“For God is not a God of confusion but of peace…” (1 Corinthians 14:33).
I considered titling this post “temporal limits embraced,” but figured God would rather see me rest in the grace of His love than sit in the mire of unmet expectations. After all, “…we know that for those who love God all things work together for good,” even if only in two month increments of written inspiration (Romans 8:28 NASB). Yet two months between postings is better than three, right? I think so, and I’m oh so happy to have time to reflect on the past several months. But let’s be honest, folks, it’s not too likely that my posting frequency will be increasing markedly any time soon. Would I like it to write more? For sure, however, college takes copious amounts of time, and it is made stupendously more difficult by the prospect of maintaining a moderately decent GPA. Anyways, on to some spiritual substance.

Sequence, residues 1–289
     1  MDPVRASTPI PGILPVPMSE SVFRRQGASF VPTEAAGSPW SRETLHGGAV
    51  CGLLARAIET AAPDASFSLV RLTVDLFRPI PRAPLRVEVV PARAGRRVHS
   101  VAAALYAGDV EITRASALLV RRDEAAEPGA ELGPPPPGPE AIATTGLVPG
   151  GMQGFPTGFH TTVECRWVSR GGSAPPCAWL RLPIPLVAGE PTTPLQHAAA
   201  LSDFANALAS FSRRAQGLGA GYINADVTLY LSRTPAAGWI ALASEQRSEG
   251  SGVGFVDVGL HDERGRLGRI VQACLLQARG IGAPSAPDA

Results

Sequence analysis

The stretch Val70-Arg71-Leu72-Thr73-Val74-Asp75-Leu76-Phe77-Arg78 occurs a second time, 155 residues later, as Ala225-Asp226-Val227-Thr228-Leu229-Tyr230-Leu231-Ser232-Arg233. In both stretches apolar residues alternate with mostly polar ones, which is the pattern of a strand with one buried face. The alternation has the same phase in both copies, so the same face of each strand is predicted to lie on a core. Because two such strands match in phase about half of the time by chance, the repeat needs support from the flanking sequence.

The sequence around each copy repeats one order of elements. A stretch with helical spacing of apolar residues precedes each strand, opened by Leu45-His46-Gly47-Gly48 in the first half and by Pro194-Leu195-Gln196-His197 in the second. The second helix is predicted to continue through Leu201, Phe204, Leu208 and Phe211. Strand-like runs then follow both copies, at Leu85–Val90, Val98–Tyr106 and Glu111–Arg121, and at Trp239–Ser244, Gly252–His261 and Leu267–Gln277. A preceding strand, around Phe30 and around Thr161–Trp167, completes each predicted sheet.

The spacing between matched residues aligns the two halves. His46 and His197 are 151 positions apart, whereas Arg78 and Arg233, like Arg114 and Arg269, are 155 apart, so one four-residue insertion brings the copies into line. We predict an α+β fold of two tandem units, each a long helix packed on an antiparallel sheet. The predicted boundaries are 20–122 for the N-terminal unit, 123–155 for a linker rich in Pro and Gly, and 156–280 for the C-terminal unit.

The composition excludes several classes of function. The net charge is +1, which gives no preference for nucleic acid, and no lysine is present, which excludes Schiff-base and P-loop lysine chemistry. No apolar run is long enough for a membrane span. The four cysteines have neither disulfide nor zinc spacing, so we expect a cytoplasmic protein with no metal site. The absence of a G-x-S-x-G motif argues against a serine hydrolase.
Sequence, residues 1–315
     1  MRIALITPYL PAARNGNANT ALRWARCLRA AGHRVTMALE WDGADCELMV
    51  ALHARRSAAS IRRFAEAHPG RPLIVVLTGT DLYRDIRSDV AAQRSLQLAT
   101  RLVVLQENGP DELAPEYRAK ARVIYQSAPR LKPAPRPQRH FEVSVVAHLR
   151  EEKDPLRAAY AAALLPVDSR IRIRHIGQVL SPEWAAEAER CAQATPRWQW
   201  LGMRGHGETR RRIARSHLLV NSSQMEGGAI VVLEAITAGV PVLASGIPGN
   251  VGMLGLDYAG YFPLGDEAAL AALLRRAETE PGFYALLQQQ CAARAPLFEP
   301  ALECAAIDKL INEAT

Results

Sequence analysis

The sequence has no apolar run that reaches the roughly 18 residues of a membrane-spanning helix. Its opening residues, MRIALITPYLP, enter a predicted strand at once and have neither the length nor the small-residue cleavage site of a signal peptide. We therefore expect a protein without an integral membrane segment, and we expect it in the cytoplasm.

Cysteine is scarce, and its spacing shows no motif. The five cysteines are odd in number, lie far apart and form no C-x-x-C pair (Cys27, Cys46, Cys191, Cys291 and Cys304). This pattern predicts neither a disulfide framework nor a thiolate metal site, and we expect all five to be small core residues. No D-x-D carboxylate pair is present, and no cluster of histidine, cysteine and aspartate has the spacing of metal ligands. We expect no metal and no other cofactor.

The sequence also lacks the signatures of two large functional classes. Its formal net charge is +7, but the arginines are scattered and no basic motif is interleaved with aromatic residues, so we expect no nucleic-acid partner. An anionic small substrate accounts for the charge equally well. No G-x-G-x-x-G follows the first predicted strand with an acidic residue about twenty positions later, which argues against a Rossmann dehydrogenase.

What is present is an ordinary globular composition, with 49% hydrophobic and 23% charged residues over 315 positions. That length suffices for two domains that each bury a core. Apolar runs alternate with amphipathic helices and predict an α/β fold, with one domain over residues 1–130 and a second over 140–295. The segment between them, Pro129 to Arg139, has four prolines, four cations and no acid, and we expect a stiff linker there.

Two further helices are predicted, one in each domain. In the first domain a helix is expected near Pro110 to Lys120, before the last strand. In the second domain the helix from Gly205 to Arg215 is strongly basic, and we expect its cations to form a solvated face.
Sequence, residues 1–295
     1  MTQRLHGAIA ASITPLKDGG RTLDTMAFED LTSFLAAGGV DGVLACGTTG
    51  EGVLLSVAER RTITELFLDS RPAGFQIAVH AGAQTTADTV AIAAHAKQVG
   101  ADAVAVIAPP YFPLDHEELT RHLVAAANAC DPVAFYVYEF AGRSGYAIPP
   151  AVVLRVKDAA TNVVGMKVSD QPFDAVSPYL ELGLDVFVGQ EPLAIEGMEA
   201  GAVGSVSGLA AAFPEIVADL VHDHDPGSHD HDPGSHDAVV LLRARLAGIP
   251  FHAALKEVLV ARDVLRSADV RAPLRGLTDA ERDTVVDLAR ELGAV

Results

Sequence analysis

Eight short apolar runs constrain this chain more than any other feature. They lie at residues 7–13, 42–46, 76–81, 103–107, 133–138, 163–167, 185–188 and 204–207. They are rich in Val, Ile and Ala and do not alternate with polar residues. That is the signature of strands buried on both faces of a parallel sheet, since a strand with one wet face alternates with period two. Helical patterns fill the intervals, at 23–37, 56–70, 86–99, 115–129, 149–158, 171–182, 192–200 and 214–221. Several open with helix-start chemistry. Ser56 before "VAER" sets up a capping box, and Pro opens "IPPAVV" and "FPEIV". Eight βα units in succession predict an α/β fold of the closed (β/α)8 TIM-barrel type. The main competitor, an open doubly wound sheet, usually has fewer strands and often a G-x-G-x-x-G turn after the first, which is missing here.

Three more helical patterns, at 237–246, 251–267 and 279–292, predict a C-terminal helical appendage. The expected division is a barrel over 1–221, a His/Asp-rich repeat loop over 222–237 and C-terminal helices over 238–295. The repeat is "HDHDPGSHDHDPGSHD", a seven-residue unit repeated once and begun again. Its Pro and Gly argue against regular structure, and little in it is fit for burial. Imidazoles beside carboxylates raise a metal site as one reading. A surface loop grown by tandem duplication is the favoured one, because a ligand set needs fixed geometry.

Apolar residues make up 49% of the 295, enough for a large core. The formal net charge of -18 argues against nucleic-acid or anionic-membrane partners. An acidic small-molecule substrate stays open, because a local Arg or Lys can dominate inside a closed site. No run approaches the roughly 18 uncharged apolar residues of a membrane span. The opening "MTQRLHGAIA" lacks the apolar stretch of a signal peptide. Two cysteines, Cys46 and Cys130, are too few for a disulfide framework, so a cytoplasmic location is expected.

The past few weeks of my life have been full of ups and downs. I got a few great days of rest and relaxation away from campus one weekend, yet most of my time has been punctuated by periods of physical pain, spiritually induced fear, and mental fatigue capable of leaving me in a lifeless stupor. Looking at my life, though, I have absolutely nothing to complain about. I live in a great country, have a great family, and my life hasn’t been particularly challenging, especially when judged by the standard of, say, the poor of a third world nation. And if you’re reading this, the odds are high that you’ve found yourself in a similar situation, at least when you stop and look at matters objectively. While the wall your standing in front of may seem insurmountable right now, your faith in the Father can herald you over the top with ease, “for everyone who has been born of God overcomes the world…” (1 John 5:4 ESV). Later in life you’ll look back at a given trial and laugh. Why? Because you realize in hindsight just how inconsequential the “insurmountable wall” was in the scheme of eternity. This is something that’s hit home for me in the past days.